Why Transformation Is Key to Thrive in The Digital Economy
Leaders first need to recognise the fundamental difference between change and transformation, before they can lead their companies on a journey of legitimate business transformation. While ‘change’ is required to maintain and modernise an organisation, this is not enough to sufficiently elevate both its internal capabilities and external offerings. Too many companies are being lulled into a false sense of transformation security through siloed digital projects and change initiatives that are not strategically transformational.
To take advantage of the opportunities and protect against threats that new digitally enabled business models present, leaders need to commit to being bold and transformational, ahead of those that remain safely within their comfort zones and traditional ways of working. Leaders need to communicate this fundamental difference across their organisations to avoid their best resources being tied up making small changes instead of driving transformation. This is also required to keep the company’s best people on board and attract new talent, because the high-performers have an insatiable desire to be part of an ambitious digital transformation journey. If one company fails to take them on that journey, they will move to one that will. Legitimate transformation also requires a fundamental shift in other aspects of an organisation. Appropriate governance, mindsets, business models, capabilities and culture are just some of the transformation fundamentals that need to be addressed.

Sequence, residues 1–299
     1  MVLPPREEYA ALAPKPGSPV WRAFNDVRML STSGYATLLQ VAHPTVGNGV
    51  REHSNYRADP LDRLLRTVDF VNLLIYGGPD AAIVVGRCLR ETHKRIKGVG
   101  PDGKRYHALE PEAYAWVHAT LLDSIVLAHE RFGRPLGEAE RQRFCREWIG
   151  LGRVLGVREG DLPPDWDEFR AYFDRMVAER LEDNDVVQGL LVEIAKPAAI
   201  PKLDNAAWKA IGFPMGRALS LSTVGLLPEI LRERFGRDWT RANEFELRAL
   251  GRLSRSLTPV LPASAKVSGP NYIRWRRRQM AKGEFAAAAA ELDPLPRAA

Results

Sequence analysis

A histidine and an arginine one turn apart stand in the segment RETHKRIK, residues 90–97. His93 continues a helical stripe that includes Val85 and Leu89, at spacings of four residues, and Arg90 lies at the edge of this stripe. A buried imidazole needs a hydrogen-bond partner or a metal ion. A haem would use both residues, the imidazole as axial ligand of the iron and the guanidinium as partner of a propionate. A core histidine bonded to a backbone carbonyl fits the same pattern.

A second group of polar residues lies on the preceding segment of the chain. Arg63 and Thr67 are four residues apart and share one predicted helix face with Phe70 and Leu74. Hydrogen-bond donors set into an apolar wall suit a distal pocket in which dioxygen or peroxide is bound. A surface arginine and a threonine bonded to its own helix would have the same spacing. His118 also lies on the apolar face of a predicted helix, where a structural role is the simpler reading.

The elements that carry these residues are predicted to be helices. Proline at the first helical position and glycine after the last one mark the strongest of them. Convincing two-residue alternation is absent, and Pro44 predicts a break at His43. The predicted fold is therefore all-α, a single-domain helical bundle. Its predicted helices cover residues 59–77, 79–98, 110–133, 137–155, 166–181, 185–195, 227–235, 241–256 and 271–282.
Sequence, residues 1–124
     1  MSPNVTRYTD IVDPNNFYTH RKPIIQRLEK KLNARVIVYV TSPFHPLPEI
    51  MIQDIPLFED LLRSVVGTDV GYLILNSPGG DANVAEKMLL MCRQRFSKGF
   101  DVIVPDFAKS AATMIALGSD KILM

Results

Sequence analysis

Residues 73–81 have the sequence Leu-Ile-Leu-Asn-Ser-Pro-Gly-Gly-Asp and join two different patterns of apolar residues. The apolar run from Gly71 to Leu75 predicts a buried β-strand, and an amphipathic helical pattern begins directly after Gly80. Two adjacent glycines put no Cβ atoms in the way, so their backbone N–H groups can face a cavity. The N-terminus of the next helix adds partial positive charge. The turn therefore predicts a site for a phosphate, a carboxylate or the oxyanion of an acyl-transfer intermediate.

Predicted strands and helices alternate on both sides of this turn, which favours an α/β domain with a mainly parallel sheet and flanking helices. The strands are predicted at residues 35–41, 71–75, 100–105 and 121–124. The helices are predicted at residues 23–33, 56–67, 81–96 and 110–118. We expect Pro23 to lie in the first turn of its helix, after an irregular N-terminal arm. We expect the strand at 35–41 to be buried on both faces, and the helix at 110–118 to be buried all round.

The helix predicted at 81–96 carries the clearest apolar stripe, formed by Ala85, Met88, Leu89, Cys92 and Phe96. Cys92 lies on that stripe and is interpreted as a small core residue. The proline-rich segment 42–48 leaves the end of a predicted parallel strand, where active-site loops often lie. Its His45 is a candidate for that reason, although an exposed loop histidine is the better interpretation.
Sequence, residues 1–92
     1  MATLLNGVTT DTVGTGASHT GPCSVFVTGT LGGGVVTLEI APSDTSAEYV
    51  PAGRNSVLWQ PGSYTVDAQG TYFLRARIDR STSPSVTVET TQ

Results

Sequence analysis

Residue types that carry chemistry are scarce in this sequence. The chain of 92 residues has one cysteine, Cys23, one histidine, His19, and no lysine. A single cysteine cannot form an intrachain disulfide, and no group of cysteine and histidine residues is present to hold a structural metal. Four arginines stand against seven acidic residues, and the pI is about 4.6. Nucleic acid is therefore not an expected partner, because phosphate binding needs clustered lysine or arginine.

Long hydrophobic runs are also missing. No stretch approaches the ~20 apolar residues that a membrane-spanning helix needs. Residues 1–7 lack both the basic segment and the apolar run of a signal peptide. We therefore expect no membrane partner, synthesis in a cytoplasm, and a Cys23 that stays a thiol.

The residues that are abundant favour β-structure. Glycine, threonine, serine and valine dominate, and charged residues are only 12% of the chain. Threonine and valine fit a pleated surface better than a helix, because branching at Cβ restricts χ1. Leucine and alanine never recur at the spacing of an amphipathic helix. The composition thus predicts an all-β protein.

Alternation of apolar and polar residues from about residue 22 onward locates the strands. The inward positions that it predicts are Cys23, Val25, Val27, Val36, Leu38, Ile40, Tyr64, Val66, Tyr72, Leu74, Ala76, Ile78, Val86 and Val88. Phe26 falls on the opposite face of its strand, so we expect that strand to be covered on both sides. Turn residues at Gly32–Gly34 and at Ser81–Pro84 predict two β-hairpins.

The Digital Economy
The digital economy is developing at a phenomenal rate and is the single most important driver of innovation, competitiveness, and growth. It is changing our lives, from the way we shop, socialise, and entertain ourselves, to the way we learn, communicate and go about our work. Traditional industries and value chains of every type are being reshaped by business models that have never existed before, and customer expectations are rising rapidly. There should be no doubt that the digitization of the economy is one of the most critical issues of our time.
The digital economy presents huge potential for solo entrepreneurs, small and medium and large companies, but the majority of firms are not taking full advantage of it. In fact, the European Commission has stated on its web site “Unfortunately, only two percent of European enterprises are currently taking full advantage of new digital opportunities”. This is worrying for existing companies when considering the successful adoption of digital technologies will be a key success factor for future growth. The European Commission added, “Businesses that fail to get digitally connected will become excluded from the global market”.